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Voices of Experience - An Interview with Dave Santillanes

Voices of Experience

An Interview with Dave Santillanes

High in the Rockies, 48 x 36", Oil, © David Santillanes
High in the Rockies             48 x 36"            Oil

 "There's no better way

to get to know a place on earth

than to sit for a couple of hours

and contemplate it while painting."

 

   Colorado landscape artist, Dave Santillanes, has no lack of inspiration surrounding him in his native state. He captures the drama and complexity of the Rockies after spending time in quiet observation on-site. He works to create paintings that remain true to the essences of their subjects as interpreted through his unique lens. Santillanes shared his outstanding work with us and reflected on his evolution as an artist.

Break in the Silence, study, 16 x 12", Oil, © David Santillanes
Break in the Silence (study)               16 x 12"               Oil


   We would enjoy learning about your earliest inspirations and when you realized that you would be an artist.

   I had a wealth of encouragement from an early age. I think my parents and teachers all recognized an advanced level of drawing. When I was six or seven I drew a very recognizable portrait of Jimmy Carter using an encyclopedia for reference. My elementary school teacher even entered my work in contests like Ducks Unlimited. By the time I was in high school, I was already looking at ways to pursue art as a career. During my junior year I won a scholarship to study art at Colorado College the summer semester before my senior year.

   What propelled your decision to focus on painting full-time?

   I was working full time, my twelfth year as a digital imaging technician for a small professional photo lab in Fort Collins, Colorado. It was a great job to have while pursuing my painting passion. We did all the Photoshop and color work for Richard Schmid’s books. I met some incredible painters who used the lab for shooting their work. I was painting as often as I could—after work and on weekends.  As the industry changed from film to digital almost everyone was eventually let go. I stayed on through the digital revolution and through the owner’s very serious health issues. When they were unable to pay, I continued working for them realizing I was able to survive on my painting income. As soon as they were in a good place, I made the leap to full time painter.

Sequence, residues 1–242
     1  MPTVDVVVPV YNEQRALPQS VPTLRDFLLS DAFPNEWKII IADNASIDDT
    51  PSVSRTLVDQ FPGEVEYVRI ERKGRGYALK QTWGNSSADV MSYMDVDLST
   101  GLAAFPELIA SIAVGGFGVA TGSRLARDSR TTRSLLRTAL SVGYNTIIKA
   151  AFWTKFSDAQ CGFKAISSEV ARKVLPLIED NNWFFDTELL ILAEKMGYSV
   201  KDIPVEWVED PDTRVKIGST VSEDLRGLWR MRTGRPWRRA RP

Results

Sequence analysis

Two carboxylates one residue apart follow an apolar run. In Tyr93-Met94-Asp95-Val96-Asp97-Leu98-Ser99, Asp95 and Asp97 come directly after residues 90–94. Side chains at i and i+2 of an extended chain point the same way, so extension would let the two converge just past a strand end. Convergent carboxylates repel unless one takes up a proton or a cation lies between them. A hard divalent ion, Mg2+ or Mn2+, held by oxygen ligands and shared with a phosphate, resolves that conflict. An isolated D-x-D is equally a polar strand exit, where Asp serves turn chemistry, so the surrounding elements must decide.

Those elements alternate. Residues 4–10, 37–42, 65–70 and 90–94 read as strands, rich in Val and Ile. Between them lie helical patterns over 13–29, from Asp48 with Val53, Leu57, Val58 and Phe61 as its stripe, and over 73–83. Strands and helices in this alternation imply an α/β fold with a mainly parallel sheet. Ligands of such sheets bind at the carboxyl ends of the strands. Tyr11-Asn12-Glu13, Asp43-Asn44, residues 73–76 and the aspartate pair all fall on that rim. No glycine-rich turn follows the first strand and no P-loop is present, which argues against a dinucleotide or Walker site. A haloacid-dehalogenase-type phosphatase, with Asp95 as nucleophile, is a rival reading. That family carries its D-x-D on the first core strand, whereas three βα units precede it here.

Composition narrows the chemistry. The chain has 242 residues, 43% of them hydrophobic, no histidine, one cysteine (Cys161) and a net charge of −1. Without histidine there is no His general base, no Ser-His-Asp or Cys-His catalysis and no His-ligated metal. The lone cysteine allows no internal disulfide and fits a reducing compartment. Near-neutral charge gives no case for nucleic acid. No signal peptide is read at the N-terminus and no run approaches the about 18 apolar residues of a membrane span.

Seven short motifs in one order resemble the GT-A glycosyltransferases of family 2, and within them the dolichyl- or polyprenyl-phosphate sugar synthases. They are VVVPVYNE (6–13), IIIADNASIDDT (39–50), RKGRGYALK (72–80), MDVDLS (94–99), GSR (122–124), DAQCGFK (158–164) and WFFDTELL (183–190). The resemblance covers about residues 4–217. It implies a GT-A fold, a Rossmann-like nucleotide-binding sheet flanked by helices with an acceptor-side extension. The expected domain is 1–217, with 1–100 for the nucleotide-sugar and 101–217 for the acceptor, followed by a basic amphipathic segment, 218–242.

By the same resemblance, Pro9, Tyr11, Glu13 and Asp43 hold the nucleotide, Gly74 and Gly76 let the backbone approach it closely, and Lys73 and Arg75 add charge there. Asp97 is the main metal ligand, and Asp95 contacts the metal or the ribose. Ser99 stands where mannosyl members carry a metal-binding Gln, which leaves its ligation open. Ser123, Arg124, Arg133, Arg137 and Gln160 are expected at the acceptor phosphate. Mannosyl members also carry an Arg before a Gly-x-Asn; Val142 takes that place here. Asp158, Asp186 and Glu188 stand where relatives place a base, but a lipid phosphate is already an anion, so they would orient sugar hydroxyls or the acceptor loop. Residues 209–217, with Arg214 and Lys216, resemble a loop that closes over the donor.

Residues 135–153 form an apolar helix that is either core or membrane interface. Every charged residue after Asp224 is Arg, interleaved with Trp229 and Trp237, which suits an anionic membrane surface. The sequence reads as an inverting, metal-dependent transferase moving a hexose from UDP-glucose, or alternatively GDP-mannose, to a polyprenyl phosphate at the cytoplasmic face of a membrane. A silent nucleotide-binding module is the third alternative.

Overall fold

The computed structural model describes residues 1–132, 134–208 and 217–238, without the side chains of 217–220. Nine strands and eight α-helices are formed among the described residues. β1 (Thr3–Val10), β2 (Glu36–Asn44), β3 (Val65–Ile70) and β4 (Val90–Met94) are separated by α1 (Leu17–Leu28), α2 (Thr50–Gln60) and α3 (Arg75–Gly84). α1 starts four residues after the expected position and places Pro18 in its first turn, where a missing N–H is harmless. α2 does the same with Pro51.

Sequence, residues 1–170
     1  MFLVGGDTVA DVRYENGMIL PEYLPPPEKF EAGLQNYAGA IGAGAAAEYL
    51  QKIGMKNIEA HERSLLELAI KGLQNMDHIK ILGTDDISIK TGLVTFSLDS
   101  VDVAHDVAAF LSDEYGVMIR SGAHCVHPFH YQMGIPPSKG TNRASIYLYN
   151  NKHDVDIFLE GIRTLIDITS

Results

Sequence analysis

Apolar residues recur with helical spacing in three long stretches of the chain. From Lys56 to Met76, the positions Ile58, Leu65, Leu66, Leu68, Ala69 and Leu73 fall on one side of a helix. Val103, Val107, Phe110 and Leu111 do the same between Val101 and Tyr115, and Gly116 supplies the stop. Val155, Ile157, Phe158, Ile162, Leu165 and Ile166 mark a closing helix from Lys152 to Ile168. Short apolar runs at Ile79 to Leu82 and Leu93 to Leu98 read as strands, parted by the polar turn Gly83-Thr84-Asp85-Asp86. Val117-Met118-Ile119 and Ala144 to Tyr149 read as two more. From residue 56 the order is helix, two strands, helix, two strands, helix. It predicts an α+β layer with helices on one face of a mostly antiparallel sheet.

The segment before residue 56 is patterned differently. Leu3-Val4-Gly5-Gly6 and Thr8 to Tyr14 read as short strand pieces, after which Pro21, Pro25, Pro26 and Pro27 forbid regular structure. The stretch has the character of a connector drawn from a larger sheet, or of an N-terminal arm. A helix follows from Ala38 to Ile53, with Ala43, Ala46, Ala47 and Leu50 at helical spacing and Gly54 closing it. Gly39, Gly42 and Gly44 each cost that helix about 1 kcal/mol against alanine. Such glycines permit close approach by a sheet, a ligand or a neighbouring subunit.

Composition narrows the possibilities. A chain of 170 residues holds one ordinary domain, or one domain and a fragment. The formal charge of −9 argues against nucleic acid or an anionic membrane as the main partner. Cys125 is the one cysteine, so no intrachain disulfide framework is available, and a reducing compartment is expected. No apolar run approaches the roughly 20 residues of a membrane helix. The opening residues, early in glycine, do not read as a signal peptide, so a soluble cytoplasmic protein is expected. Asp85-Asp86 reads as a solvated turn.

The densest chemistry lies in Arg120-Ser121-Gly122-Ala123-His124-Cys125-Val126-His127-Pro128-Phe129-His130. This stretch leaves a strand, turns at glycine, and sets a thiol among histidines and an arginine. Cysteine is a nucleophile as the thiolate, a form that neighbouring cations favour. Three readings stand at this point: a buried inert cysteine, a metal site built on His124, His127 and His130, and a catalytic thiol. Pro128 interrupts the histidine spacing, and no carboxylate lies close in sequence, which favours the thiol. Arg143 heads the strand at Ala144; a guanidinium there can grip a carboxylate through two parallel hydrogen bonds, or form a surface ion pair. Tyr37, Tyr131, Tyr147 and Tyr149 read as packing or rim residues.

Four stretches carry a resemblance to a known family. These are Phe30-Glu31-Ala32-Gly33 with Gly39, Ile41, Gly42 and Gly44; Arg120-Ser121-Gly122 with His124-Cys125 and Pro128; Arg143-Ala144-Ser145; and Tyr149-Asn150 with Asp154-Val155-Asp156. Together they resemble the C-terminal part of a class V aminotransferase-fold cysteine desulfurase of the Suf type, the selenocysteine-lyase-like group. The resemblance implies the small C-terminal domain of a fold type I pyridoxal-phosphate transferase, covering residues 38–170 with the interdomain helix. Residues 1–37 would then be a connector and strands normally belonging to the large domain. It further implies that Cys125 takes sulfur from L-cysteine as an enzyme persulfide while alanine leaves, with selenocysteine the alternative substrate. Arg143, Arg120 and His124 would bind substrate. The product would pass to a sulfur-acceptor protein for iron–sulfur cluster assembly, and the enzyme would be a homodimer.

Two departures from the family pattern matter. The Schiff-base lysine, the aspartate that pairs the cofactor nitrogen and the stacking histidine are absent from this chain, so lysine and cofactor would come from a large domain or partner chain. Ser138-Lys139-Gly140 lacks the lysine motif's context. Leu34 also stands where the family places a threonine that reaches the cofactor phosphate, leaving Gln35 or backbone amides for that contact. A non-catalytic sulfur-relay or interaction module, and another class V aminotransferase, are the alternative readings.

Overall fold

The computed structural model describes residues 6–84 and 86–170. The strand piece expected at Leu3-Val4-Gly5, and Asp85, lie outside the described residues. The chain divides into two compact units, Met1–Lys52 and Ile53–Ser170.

Fading to Gray, 22 x 46", Oil, © David Santillanes
Fading to Gray                         22 x 46"                         Oil

Silent Descent, 40 x 30", Oil, © David Santillanes
Silent Descent                    40 x 30"                    Oil

   Did you study with any other artists or take workshops when you switched to working full-time on your own work? 

   I’ve only ever taken one workshop. It was early on, from Skip Whitcomb. I had hit a wall and just needed to fill in a few blanks. He was fantastic and turned me on to some great books—like Carlson's Guide to Landscape Painting.  After that I realized that I preferred to figure things out on my own—a bit of a bull-headed approach, but I think it’s helped me develop my own way of putting down paint.

   Have oils always been your primary medium or have you worked in others?

   Yes, I’ve always worked in oils. I’ve dabbled in other media but oil fits my paint personality. My approach is more of a sculptural one where a slow-drying medium is helpful in molding and refining shapes.

   You so clearly have a deep connection to the western landscape, especially Colorado. Have you always lived in the West or did you relocate there at some point?

   I’m a Colorado native through and through. The west is definitely in my blood.

The Coming Rain, 32 x 24", Oil, © David Santillanes
The Coming Rain               32 x 24"               Oil

Winter Creek, 12 x 20" Oil, © David Santillanes
Winter Creek                    12 x 20"                    Oil

   What are some of the challenges you find when hiking wilderness areas in search of subjects?